Jul 2008
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    520

    Default Re: buyers beware

    [ QUOTE ]
    Don't know where you get the idea that they (client accounts) are prone to abuse. Please can you give examples except for the very complex Opal case.

    [/ QUOTE ]
    I was considering the examples given above, if you discount those then fair enough however you must accept that leaving a large sum in somebody else's hands is a risk? I think it's just our assessments of the risk that differ.

    [ QUOTE ]
    If a contract is in place then both parties know what their rights and obligations are. The costs of the survey, haul out etc are the same, as the buyer still needs to satisfy himself that the boat is as described by the seller, so no difference there. What a contract does is provide the framework for what happens if the survey reveals faults.

    [/ QUOTE ]
    That's an argument for a contract not a deposit, admittedly, I should have said that rather than "contract" above.

    [ QUOTE ]
    I cannot understand why there are legal fees needed to recover a deposit if the sale fell through because the two parties were unable to agree a new price reflecting the difference in condition and therefore value as revealed by the survey.

    [/ QUOTE ]
    Because recovery of the deposit is often harder than the initial payment of the deposit. It's pretty naive to think otherwise regardless of legality.

    [ QUOTE ]
    My example is mainly about the surveyor failing, however it is also to illustrate the sort of circumstances where (if the survey had been done properly) the buyer could walk away and have his deposit back.

    [/ QUOTE ]
    But with no deposit, the buyer could still walk away. In fact the buyer could walk away more easily, if following the bad survey the broker or the seller disagreed our buyer will have a hard time recovering his deposit at all.

  7. #77
    Join Date
    Nov 2007
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    19,252

    Default Re: buyers beware

    The answer to your last question is very simple. The deposit is not required to be returned if the buyer fails to meet his obligations under the contract. So for example if the contract was subject to satisfactory survey and the survey was satisfactory but the buyer simply changed his mind then the seller would be entitled to keep the deposit. Whether he actually would depends on his attitude and how much he thinks he has lost through the actions of the defaulting buyer.

  8. #78
    Join Date
    Nov 2002
    Posts
    2,333

    Default Re: buyers beware

    [ QUOTE ]
    Don't know where you get the idea that they (client accounts) are prone to abuse. Please can you give examples except for the very complex Opal case.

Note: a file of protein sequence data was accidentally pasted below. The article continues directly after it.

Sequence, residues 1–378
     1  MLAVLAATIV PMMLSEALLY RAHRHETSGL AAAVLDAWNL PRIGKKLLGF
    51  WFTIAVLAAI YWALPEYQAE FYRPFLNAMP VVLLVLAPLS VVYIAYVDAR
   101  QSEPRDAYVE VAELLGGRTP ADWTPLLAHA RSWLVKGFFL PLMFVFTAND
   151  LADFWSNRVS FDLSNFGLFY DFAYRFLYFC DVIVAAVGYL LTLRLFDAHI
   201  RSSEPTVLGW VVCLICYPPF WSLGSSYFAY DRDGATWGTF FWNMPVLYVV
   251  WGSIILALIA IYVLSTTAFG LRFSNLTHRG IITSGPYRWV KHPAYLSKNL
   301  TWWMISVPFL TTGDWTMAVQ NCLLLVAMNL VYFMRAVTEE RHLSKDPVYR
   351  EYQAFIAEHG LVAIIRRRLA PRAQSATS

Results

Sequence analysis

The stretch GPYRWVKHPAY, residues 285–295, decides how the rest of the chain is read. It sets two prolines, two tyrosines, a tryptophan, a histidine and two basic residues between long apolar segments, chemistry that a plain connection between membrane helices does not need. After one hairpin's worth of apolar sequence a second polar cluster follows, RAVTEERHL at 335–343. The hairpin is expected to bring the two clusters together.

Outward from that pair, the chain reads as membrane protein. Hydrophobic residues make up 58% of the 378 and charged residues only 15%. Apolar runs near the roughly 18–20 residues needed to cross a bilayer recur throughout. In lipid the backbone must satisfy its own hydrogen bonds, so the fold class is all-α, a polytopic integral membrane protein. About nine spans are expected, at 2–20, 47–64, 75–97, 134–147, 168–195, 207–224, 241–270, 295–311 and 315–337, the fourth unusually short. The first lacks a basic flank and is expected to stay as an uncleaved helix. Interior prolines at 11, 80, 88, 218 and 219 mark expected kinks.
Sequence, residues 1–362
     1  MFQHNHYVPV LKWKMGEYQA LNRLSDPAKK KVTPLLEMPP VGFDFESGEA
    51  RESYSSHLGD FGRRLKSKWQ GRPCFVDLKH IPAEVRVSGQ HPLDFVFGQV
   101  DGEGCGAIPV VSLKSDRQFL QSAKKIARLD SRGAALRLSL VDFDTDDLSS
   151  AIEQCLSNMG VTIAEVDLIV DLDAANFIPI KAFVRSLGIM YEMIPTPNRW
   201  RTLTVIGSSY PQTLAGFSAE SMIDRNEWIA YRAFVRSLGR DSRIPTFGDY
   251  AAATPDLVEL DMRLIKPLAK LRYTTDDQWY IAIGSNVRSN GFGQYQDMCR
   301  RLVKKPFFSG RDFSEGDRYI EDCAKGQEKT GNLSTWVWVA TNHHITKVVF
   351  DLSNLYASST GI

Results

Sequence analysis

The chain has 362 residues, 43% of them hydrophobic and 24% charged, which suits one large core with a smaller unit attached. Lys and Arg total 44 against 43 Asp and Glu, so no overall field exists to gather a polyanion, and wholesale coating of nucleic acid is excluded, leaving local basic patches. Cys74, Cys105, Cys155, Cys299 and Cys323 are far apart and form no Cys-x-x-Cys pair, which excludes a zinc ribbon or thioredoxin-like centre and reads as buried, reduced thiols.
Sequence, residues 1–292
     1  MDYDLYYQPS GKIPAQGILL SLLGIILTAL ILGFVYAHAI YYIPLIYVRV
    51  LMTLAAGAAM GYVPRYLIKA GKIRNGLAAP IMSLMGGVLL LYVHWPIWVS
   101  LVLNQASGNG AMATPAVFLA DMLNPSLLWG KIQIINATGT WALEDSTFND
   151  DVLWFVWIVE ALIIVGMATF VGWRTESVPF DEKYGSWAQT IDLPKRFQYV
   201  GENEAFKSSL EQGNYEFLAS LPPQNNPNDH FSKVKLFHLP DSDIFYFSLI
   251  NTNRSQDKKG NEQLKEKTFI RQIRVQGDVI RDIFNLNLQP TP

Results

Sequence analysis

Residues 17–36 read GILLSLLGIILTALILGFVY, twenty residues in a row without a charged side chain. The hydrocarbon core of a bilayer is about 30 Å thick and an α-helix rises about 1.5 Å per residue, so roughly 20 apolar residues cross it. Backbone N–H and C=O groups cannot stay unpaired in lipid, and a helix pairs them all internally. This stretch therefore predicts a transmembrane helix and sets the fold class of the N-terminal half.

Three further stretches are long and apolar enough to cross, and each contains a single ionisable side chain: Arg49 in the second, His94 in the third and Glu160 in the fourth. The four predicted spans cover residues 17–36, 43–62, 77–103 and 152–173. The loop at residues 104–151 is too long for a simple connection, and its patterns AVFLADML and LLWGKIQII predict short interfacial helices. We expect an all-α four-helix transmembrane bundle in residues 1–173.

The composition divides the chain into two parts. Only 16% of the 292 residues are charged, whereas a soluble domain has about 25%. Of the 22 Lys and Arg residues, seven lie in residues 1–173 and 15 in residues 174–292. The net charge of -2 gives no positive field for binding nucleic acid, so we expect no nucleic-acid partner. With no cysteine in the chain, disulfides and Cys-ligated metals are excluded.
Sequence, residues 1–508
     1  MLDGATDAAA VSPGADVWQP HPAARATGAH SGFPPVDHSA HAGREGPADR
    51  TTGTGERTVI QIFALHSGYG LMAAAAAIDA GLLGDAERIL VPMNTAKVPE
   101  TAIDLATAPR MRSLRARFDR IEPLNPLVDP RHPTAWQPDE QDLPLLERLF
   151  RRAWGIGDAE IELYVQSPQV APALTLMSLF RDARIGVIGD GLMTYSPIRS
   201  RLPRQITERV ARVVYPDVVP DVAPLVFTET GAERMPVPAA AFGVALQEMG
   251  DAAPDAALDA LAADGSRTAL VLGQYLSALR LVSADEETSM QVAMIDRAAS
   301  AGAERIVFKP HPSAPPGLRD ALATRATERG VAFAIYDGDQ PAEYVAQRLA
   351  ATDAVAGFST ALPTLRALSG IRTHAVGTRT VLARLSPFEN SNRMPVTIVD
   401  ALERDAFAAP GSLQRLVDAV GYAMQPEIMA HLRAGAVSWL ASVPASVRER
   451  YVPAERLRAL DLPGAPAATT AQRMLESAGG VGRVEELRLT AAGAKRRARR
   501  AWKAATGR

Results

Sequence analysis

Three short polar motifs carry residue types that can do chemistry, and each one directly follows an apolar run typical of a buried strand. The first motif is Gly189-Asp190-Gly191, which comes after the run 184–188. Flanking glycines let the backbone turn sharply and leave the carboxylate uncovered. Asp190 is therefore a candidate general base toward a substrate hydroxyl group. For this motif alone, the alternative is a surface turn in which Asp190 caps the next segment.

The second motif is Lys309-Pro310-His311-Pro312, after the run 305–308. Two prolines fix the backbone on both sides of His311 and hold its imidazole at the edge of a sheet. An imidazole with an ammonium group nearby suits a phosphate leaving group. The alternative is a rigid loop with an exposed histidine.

[/ QUOTE ]

    A client account is open to abuse. Whether the extent of actual abuse that has occurred satisfies a subjective definition of "prone to abuse" is academic. The security of the funds in a cleint account relies entirely on the integrity of the person(s) operating it.

    To be honest, in these difficult economic conditions I would think very carefully, as buyer or seller, before agreeing payment of a substantial amount to any broker's client account unless I had actual control, as a joint signatory, of movements of money from the account.

    As buyer or seller, I would be more likely to suggest that a separate, special purpose account is opened in the name of one or the other of buyer or seller and that both should be signatories to the account with "two signatures required" on the mandate.

  9. #79
    Join Date
    Jul 2008
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    520

    Default Re: buyers beware

    [ QUOTE ]
    So for example if the contract was subject to satisfactory survey

    [/ QUOTE ] A survey will always produce some issue, so presumably could always be argued to be "unsatisfactory" and thus the deposit will always be returned. So why take it in the first place?

    If it's solely the buyers satisfaction, he can simply declare he is unsatisfied (regardless of the survey results), if the seller gets to argue the point then it could end up in court.

  10. #80
    Join Date
    May 2003
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    57,548

    Default Re: buyers beware

    [img]/forums/images/graemlins/crazy.gif[/img]
    I may be wrong but not always